Different Learning Styles
Everyone learns in different ways. Some people like to jump in and get their hands dirty, learning by doing. Others like to sit back and listen to someone more experienced explain how a thing is done. Finally, there are others who prefer to read up on a topic.
There are three main learning styles: visual, auditory, and kinesthetic. Most people learn best through a combination of these three different styles, but typically favour one over the other.
- Visual Learners like to LOOK. They learn best by looking at pictures, videos, graphics, watching a demonstration, or reading up on a topic. Visual learners are able to memorize and recall written information better than other types of learners. For visual learners, it may be difficult to absorb new information from an instructor who is simply talking to them.
- Auditory learners like to LISTEN. They learn best by listening to things being explained, by reciting information out loud, and may concentrate better with soft music playing in the background. For auditory learners, it may be more difficult to process new information if all they’re doing is reading about it.
- Kinesthetic learners like to TOUCH. They learn best by actually doing an activity and having a “hands-on” experience. For kinesthetic learners, sitting still and reading may make it difficult to absorb new information.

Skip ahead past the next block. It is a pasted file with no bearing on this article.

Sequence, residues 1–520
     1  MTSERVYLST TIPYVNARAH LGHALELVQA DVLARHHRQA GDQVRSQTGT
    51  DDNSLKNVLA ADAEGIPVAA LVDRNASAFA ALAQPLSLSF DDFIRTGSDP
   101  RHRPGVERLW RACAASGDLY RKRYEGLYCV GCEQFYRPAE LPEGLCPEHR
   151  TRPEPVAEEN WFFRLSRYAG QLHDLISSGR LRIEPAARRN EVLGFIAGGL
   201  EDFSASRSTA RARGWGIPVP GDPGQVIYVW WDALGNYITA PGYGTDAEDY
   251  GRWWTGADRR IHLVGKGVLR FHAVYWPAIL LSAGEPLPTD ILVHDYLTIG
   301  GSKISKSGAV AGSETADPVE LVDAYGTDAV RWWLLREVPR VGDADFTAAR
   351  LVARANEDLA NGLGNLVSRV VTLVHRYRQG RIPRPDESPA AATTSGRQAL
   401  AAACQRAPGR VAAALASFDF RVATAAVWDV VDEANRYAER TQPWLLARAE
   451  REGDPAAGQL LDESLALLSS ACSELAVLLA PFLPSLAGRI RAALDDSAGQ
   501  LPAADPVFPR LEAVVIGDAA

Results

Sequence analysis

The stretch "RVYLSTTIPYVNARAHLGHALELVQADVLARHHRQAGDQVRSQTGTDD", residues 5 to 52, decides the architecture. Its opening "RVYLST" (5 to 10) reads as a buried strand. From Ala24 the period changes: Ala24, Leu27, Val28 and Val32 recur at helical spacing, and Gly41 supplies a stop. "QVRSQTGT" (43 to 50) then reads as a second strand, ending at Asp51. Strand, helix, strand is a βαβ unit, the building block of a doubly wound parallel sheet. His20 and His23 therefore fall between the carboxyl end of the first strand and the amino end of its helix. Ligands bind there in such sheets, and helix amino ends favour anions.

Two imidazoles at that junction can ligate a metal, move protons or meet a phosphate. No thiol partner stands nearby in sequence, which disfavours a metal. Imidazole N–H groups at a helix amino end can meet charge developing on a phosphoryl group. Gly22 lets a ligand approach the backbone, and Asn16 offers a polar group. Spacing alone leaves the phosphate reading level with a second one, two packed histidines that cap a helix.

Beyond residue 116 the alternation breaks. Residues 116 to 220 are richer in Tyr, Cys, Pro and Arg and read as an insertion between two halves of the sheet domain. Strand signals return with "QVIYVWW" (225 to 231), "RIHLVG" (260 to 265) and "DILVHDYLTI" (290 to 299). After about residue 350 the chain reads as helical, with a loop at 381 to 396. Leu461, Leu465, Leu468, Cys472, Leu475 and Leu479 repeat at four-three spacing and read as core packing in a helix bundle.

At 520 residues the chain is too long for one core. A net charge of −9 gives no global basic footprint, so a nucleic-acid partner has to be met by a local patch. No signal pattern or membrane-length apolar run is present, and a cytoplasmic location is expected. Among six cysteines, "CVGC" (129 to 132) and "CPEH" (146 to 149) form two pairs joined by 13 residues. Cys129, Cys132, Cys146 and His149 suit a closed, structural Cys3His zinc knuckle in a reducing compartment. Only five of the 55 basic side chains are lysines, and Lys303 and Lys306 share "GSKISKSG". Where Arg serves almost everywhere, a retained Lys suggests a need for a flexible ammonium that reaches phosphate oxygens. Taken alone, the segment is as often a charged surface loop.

Different Learning Activities for Different Learning Styles
The future of online training has arrived. The most effective online training programs are those that use different types of learning activities to better engage with the three main learning styles. Effective training programs use visuals, layered with audio voiceovers, and supplemented by interactive activities, or blended with hands-on learning.
The types of learning activities included in a course should depend upon the course audience, the material being taught, and the course length. Best practice teaches us it’s important to include a learning interaction every 5-10 minutes to reinforce the most relevant information covered.
Many online training developers are using a concept called ‘gamification’ which takes elements from game design and incorporates it into the online learning environment. The four most common gamification techniques are:
- Drag and Drop – These type of activities require a learner to pick up an object and move it with the mouse to a new location to elicit a response. They are the most common type of game-based activity used to engage learners and reinforce training material.
- Matching Activities – Matching activities ask the learner to make connections between objects. They are great for reinforcing definitions and testing understanding of relationships. Though terms and phrases are common in matching activities, symbols and pictures can be used to add visual interest.
- Hot Spots – Hot spots are locations on pictures that a learner can hover over with the mouse, click on, or drop an object onto in order to reveal information or elicit a correct response. Hot spots can ask learners to identify objects or merely be used to offer a more engaging way to provide additional information.
- Sequencing – Sequencing activities test a learner’s ability to place terms, procedures, objects, or images into logical order. Sequencing activities are great for testing learners’ recall of step-by step procedures and for providing students with an opportunity to practice the procedures as well.